Haftorah This Week
Welcome to Haftorah This Week, the place where you will find thoughts and reflections by CLAL faculty and associates on this week's Haftorah.
Sukkot is a holiday which contains within it a basic tension between particularism and universalism. As a festival which commemorates the Jews' wandering in the desert, it is a time to focus on the unique historical experience of the Jewish people. And yet, our sages saw Sukkot as the most universal holiday. The seventy sacrifices brought over the course of the festival were interpreted as sacrifices on behalf of the seventy nations of the world. The conclusion of the harvest season celebrated through Sukkot was understood as a reflection of the messianic period, the conclusion of history, in which all nations would join together to offer thanksgiving to God for the material prosperity He bestowed upon them.
The Haftarah chosen for the first day of Sukkot expresses this tension in its depiction of the final day of judgment. Jerusalem and the inhabitants of Judah are the central figures in Zechariah's vision of the end of days. Vanquished by her enemies, Jerusalem will experience God's salvation as its citizens are gathered from their dispersion and the city is filled with God's living presence. But as much as this vision is a description of the particular redemption of the Jewish people, it is also a vision of a universal future.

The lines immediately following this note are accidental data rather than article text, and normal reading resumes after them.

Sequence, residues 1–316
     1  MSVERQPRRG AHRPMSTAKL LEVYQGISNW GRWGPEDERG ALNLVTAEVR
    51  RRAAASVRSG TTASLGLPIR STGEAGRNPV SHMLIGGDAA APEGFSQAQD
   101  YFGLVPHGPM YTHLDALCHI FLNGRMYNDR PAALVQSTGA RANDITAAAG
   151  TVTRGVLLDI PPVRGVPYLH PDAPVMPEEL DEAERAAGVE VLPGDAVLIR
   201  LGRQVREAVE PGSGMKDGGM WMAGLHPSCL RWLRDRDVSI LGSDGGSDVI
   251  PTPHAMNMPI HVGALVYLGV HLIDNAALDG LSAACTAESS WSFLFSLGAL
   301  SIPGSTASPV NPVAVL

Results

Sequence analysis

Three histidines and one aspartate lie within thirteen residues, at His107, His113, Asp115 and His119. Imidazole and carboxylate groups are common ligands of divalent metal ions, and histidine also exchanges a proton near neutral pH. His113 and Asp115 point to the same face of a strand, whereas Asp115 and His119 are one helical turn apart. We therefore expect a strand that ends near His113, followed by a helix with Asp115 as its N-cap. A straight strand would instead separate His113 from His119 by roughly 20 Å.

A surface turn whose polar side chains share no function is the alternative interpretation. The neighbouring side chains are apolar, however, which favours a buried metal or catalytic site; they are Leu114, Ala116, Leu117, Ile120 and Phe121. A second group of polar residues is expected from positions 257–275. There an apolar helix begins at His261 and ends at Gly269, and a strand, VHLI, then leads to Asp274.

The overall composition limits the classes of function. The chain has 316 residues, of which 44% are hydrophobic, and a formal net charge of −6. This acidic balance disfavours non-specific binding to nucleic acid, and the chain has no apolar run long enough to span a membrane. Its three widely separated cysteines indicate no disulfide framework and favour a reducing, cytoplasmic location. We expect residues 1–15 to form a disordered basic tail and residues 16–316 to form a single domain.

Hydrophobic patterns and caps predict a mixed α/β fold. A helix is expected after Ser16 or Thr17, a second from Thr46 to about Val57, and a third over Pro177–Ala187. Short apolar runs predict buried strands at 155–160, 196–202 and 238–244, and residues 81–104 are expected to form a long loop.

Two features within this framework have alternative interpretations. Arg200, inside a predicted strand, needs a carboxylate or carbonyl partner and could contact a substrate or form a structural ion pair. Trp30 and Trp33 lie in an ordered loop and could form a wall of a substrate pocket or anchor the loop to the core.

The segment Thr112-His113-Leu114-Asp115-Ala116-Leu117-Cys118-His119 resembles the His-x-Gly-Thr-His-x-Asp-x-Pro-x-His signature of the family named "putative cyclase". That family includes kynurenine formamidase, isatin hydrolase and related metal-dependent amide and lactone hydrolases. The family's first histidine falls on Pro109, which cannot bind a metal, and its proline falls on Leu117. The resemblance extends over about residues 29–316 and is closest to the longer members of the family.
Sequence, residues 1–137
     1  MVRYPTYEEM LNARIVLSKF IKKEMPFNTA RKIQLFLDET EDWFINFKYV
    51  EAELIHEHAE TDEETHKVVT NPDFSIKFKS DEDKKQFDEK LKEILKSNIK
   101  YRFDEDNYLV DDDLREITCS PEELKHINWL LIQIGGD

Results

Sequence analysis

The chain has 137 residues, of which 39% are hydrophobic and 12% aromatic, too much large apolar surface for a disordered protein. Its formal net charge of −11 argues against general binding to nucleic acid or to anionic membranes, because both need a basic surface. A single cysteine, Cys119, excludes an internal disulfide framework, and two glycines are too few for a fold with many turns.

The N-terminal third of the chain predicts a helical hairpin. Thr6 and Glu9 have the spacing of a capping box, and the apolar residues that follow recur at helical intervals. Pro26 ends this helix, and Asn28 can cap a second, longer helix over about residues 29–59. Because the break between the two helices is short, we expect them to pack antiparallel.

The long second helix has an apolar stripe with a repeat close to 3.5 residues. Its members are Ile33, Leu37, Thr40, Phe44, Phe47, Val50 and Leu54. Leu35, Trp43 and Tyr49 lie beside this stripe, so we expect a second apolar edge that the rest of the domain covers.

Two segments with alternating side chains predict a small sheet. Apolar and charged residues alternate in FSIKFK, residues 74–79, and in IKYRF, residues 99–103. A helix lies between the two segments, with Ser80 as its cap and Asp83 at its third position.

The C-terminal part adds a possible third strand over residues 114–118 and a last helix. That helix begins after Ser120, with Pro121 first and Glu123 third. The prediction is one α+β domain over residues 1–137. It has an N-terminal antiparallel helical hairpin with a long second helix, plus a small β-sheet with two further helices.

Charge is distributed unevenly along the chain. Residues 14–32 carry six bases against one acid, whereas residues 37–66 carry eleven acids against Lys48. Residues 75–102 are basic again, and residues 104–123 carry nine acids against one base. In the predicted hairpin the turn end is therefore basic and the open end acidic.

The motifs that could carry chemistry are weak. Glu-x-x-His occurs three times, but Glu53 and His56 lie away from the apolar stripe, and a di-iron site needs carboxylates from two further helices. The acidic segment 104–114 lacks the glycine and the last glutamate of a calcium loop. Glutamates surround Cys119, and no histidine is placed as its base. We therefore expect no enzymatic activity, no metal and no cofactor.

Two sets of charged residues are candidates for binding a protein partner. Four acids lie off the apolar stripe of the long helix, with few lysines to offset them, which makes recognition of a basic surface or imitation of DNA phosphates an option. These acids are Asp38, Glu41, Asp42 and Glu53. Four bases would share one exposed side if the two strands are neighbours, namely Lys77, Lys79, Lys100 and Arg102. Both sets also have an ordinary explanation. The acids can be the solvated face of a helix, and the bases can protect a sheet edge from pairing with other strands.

It is in this Haftarah that we find the verse which serves as the conclusion to our Aleinu prayer: "And the Lord shall be King over all the earth; In that day the Lord shall be One, and His name one." The oneness of God is clearly linked to the universal recognition of his Kingship.
Near the end of the Haftarah, this universal theme is directly connected to the festival of Sukkot. In verse 16 we read, "And it shall come to pass, that every one that is left of all the nations that came against Jerusalem shall go up from year to year to worship the King, the Lord of Hosts, and to keep the feast of tabernacles." Sukkot, in Zechariah's prophecy and in the rabbinic tradition based upon it, represents the universal element of Jewish messianism, the hope that all of humankind will one day share a common festival and worship God together in the city of Jerusalem.
Thus the tension that is inherent in the festival of Sukkot is incorporated into the prophetic reading for the holiday. The particularity of Judaism is not abandoned in the wake of the messianic transformation as described by Zechariah. Rather Judaism's particularity is expanded to include all nations in the process of building God's kingdom on earth.
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